There are many opinions when it comes to what constitutes Inclusive Design and varying levels of how designers cater for the general public with this in mind. However, with the British Standards Institute defining inclusive design as: “The design of mainstream products and/or services that are accessible to, and usable by, as many people as reasonably possible … without the need for special adaptation or specialised design.” there are real strides to be made in ensuring that inclusive design really is inclusive.
Understanding and enabling
Interior designers and architects alike have many things to consider when it comes to designing accessible spaces. Whether it is shared facilities like libraries, schools, museums, parks, shops, offices or individual residential spaces – there are a range of needs to be addressed. Much of society still caters for a public without restrictions – yet with factors differing from physical and mental capabilities, to age, identity, income, language to name a few – there is a need to acknowledge user diversity.
Accessible spaces mean many things to different people. To be able to feel included in the experience shared within a space can be crucial to how many people visit, attend or reside in a place. Aside from ensuring that people can access the properties with easy entry, wide doorways, clear signage etc. – there is also a need to factor in acoustic details, lighting, levelled areas, audio descriptions & braille, clear images to aid understanding, gender neutral washrooms and many other adaptions that can make people feel welcomed.
Art by: Nick Slater
Small change – big gains
Designing for inclusivity can open up a world of benefits. Tailored designs originally created to provide for certain needs often show a real benefit for all. Modular, moveable furniture has enabled people to adapt spaces for different purposes. New layouts in offices, schools, libraries etc. – that break away from the traditional format, have allowed people to feel more engaged and relaxed within potentially intimidating environments. Tactile surfaces, pavements, exhibitions have allowed people to use their others senses to appreciate a space or alerted an often-distracted society to pay attention to possible dangers.
From a business perspective, thinking about what people need, and taking on board community feedback, has many benefits. Firstly, ensuring equality of experience and accommodating for as many as possible in turn expands the customer reach. It also gives a unique approach to design that will stand out among others – displaying a more considered thought process towards inclusivity.
Art by: tubik.arts
Planning beyond the mere accessibility element, and thinking towards the experience of a user, will offer true value to design. Thinking about providing for all rather than adapting existing designs, will provide a unique feel that appeals to many. For someone with visual impairment including a range of textured flooring, to define spaces, will make navigation far easier, but with textured surfaces to explore as part of exhibitions will allow a fully immersive experience that allows the individual to be part of the experience. For those who experience social anxiety, digital consoles providing services or smaller, enclosed workspaces may provide the comfort needed to visit and feel confident. Giving individuals furniture which can adjust in height and position also removes barriers and makes each person feel that they belong.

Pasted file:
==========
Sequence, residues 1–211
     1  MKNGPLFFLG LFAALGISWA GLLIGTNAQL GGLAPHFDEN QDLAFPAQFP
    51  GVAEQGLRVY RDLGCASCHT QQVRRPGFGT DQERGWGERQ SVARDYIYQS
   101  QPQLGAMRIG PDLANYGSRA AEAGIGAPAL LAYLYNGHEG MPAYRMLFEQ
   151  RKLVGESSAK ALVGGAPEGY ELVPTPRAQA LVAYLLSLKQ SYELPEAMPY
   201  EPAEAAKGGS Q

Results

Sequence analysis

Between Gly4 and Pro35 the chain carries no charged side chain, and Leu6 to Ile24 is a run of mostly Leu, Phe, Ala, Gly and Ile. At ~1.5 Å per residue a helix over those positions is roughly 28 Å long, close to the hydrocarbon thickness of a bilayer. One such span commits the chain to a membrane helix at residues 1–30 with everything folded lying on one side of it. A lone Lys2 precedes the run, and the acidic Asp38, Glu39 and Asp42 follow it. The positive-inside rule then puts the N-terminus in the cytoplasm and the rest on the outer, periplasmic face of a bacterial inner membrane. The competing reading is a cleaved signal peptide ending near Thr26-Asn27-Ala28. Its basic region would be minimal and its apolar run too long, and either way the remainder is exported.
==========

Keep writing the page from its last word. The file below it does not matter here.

Some examples of great, inclusive designs include:
- The Catalyst (Newcastle) home to the National Innovation Centre for Ageing – which is designed for ease of navigation. It has specialist adaptions with tiered furniture, wide walkways, lighting and enlarged signage to cater for a range of needs.
- Regent Park Aquatic Centre (Toronto) – offering an open plan, visually connected space making it welcoming to all. There are also no separate changing rooms – all are common rooms with private cubicles catering for all gender identities.
- Bikurim Inclusive School (Tel Aviv) noted as the first inclusive school provides the children with space for meditation as well as offering flexible design that is accessible for all children promoting equality and inclusivity. https://educationsnapshots.com/projects/10692/bikurim-inclusive-school/
The gradual shift towards inclusive design is clear. With Ikea launching This Ables service – providing small 3D printable add-ons that make everyday furniture more accessible to all – there is hope that designing for diversity is becoming more prominent.
If you would like to discuss creating a more inclusive work, learning or residential space then please get in touch at email@example.com or call 0161 327 3045 for more information.
 What Is Inclusive Design? https://www.inclusivedesigntoolkit.com/whatis/whatis.html
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